When someone else’s negligence injures you, you have two years in California to file suit for your injuries and three for property damage.

But these are not the only deadlines in the claims process. Various time limits, both statutory and contractual, govern the actions of both parties, including when you, as an injured victim, must accept or reject a settlement offer.

Basics of the Claims Process in California

Settling with an insurance company begins with filing a claim. Once the insurance company receives the notice of the claim, it must contact you within 15 days of acknowledging its receipt.

During this initial contact, the adjuster will likely ask you for a statement regarding your injuries. You are not obligated to respond to the adjuster and can decline to answer any questions.

If you do end up making a statement, keep it simple and stick with the facts. Do not say anything that the adjuster could use against you or that could decrease your claim. The adjuster will look for any evidence that speaks to fault and hopes you will give it to him.

Settlement Offer and Negotiations

Once the insurance company has acknowledged that it has received your claim, the law gives it 40 days to decide whether to pay, reduce, or reject the claim. During this time, both sides will review and discuss the evidence for the case.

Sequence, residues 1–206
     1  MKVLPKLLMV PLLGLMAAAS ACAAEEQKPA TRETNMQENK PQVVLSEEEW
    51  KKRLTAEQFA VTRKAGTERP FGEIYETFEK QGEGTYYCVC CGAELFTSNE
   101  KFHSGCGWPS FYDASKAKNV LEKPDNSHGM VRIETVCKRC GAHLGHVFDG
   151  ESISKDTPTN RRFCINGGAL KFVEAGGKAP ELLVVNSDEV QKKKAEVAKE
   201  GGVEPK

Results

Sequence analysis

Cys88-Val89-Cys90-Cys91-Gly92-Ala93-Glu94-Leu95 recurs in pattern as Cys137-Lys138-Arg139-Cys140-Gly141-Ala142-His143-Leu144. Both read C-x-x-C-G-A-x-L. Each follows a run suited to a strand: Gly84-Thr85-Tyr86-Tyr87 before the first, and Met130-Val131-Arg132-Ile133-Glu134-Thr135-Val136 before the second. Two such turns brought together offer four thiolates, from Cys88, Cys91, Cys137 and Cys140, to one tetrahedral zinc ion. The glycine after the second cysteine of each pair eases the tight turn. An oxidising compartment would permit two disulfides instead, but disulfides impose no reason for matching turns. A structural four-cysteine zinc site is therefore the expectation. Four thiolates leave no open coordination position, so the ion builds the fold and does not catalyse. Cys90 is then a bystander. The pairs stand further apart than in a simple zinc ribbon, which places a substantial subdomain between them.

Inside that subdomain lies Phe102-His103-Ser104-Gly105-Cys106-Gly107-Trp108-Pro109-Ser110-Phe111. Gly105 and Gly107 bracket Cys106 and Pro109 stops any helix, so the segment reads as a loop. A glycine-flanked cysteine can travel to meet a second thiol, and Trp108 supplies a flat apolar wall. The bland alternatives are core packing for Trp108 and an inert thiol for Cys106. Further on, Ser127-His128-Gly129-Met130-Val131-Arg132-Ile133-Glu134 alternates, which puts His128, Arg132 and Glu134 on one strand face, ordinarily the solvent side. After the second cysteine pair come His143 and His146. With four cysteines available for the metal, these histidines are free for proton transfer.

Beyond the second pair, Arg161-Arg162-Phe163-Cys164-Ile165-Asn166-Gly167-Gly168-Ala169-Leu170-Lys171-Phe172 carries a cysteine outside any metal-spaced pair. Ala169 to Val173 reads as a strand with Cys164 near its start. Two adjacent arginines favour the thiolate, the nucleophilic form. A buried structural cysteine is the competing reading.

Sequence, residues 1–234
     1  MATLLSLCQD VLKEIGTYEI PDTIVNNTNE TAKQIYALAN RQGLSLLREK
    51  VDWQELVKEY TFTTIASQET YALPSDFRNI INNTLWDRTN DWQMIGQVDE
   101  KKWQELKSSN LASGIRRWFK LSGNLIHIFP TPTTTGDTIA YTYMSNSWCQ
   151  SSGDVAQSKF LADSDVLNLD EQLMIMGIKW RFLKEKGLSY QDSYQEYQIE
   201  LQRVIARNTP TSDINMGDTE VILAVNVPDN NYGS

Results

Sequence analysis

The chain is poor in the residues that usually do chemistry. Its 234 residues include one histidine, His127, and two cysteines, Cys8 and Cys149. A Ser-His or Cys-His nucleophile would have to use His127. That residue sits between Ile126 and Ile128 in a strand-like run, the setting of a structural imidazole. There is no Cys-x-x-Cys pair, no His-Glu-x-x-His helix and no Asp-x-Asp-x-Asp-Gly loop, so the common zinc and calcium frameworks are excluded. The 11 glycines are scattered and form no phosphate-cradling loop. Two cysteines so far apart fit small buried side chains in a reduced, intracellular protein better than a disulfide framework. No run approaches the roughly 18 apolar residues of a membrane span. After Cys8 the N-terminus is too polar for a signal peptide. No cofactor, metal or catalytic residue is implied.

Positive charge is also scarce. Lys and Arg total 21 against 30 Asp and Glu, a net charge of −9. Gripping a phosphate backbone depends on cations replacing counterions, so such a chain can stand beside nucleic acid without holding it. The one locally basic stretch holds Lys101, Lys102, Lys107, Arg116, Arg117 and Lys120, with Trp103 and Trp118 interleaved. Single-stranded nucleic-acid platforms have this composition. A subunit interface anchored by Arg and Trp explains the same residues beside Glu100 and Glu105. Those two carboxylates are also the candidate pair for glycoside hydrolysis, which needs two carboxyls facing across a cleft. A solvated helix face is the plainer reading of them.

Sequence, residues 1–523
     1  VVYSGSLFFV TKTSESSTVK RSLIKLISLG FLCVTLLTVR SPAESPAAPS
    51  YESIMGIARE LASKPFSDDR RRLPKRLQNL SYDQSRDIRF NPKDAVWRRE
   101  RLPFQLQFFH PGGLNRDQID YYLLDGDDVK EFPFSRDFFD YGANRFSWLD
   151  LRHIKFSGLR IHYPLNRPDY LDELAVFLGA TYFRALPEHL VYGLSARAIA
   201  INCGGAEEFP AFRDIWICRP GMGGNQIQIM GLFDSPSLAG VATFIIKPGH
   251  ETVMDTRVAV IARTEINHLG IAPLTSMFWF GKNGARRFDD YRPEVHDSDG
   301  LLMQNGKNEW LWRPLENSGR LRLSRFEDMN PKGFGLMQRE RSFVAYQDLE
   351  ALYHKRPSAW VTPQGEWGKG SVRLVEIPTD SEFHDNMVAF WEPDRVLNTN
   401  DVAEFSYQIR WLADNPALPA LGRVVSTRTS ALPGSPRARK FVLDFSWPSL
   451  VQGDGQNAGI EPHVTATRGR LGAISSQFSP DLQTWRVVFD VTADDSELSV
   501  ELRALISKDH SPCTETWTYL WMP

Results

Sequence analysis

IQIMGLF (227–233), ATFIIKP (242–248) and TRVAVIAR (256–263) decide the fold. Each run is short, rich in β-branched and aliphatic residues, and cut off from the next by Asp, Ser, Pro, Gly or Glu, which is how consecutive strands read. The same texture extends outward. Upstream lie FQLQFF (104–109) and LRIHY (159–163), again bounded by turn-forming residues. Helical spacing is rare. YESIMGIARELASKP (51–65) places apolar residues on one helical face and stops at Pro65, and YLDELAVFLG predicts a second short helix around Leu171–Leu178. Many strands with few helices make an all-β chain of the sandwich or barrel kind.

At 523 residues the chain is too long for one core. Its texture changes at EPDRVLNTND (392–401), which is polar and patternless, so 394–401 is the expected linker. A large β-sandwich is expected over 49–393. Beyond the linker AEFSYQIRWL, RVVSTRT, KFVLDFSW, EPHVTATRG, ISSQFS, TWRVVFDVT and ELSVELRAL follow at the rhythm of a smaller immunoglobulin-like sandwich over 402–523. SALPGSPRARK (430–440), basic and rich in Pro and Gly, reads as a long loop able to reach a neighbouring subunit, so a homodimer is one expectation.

When the evidence clearly shows that a person was negligent, the negotiations may proceed much more quickly. However, complex claims, especially those involving more than one party, take longer.

Also contributing to extended negotiations are the dollar amounts of the damages, which are the losses you suffer due to your injury. You must present evidence to back up every dollar you are claiming in damages.

Insurance companies are in the business of disputing dollar amounts to save money. They even deny claims regularly. However, a claims denial is not always the end of the story when you have an experienced personal injury lawyer representing you.

Once both sides reach a fair number, you, as the claimant, will decide whether to accept the figure or not. If you reject the offer, negotiations may continue, or you may have to go to trial. When this happens, you can expect the entire compensation process to take much longer.

How Long Do You Have to Accept a Settlement Offer?

In California, insurance companies frequently make settlement offers under statute 998 of the California Code of Civil Procedure. This statute requires injured parties seeking compensation to accept or reject the offer within 30 days of its transmittal or before the commencement of a trial or arbitration proceedings.

The insurance company can revoke the offer until you accept it. This revocation may occur for many reasons, including new, material information about the incident.